Azerbaijan

By Dmitry O. Yunak

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Dmitry O. Yunak graduated in Finance and Economics from a Soviet secular educational institution and completed a six-year course of Theology at an underground SDA Theological Institute (Moldova, USSR). In the Soviet times, he served as a pastor, administrator, and bible/history professor in the underground Theological Institute. In 1990, he was appointed as Treasurer and Publishing Ministries Director for the USSR Division. After the Euro-Asia Division was organized in 1991, Dmitry O. Yunak served as ESD auditor and under treasurer. He was the author of a dozen of SDA history books and scores of other publications. He owns a major SDA history archive.

First Published: February 12, 2021

Country Profile

Azerbaijan is situated in eastern Transcaucasia and is bordered in the east by the Caspian Sea. The country is mostly populated by the Azerbaijani, but there are also Russians, Jews, Armenians, and other ethnic groups. The capital, the city of Baku, is a large international seaport. Some 30 percent of Azerbaijan’s area is mountainous terrain that includes the Greater Caucasus Mountains in the north, the Lesser Caucasus Mountains in the southwest, and the Talysh Mountains in the southeast. The Kura-Araks Lowland lies in the central part of Azerbaijan, and the Lenkoran Lowland in the southeast. The climate varies from moderate to subtropical. The main rivers are the Kura and the Araks.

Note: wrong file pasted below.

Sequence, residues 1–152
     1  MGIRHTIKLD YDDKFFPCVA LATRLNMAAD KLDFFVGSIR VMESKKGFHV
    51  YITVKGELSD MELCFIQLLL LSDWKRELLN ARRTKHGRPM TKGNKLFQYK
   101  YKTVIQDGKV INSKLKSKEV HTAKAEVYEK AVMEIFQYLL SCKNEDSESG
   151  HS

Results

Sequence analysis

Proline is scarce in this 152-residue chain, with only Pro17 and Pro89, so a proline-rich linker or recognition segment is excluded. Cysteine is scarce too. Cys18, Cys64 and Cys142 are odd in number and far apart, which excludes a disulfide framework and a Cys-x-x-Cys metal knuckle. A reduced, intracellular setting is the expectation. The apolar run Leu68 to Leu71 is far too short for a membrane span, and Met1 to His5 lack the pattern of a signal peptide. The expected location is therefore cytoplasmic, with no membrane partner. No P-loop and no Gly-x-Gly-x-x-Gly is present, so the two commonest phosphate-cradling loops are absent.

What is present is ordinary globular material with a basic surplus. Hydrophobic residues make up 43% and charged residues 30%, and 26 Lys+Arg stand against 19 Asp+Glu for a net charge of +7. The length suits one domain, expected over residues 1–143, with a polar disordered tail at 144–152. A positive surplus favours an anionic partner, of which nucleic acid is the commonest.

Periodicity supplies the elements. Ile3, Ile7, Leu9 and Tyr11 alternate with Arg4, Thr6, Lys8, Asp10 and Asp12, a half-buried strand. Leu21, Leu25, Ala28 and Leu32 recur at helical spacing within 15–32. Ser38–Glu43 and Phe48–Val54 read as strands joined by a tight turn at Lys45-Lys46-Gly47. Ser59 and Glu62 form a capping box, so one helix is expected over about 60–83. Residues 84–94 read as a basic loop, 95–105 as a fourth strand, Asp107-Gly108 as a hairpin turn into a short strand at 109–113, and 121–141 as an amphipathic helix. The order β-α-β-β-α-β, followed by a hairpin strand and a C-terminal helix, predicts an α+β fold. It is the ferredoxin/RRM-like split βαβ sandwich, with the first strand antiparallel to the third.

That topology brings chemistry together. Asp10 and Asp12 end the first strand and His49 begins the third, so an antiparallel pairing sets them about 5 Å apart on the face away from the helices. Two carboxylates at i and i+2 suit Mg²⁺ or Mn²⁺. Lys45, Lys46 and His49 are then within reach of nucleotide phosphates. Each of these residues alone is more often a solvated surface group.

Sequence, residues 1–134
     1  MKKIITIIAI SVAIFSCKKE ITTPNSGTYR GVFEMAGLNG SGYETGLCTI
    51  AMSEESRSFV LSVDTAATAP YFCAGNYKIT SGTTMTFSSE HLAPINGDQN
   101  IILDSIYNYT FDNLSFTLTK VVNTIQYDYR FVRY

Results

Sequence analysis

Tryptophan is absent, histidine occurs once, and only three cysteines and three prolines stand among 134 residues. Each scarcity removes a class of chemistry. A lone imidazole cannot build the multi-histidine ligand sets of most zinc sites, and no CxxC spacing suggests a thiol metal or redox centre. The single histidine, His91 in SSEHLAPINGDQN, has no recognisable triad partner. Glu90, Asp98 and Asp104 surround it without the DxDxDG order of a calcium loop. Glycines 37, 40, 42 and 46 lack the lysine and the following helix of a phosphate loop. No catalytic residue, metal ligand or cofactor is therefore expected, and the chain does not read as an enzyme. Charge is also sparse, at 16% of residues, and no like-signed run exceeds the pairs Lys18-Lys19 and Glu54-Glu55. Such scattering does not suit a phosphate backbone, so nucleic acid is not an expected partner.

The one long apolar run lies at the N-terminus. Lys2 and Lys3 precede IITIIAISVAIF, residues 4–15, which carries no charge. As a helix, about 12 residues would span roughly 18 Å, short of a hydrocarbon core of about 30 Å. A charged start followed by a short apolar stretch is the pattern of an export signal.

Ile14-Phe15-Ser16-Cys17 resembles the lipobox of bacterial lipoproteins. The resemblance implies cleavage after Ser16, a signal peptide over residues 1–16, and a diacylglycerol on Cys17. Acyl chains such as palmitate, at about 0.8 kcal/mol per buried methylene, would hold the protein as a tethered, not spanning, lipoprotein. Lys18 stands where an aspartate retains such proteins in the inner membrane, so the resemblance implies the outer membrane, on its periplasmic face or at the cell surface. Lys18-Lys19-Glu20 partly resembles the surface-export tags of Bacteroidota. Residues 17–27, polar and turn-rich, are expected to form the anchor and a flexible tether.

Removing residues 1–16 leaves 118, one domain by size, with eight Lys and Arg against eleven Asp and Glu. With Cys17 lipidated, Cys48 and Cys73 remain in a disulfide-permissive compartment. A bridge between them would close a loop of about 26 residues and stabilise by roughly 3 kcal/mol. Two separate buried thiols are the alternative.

From the 10th century B.C., the territory of contemporary Azerbaijan was part of such ancient states as Mana, Midia, Atropatena, and Caucasian Albania. In the 13th and 14th centuries A.D., that territory was under the control of Iran and the Arab Caliphate. The Azerbaijani nation ultimately emerged in 11 to 13th centuries. During the 11-14th centuries, those lands were invaded by Seljuk Turks, Mongol Tartars, and Timur armies. In the 16-18th centuries, Azerbaijan fell under the rule of Safavids and was torn apart by Iran and Turkey. In the middle of the 18th century, the Azerbaijan territory included more than 15 feudal states that were dependent on Iran.

In 1813 through 1828, Northern Azerbaijan (Baku and Elizavetpol governorates) was incorporated into Russia. In the late 19th century, Baku became the country’s largest industrial center. In 1917, Soviet power was established in Azerbaijan and it was reorganized into the Azerbaijan SSR in 1920, then incorporated into the Transcaucasian Federation (TSFSR) in 1922. Ultimately, Azerbaijan became a Union Republic, a part of the USSR, in 19361.

Religion Background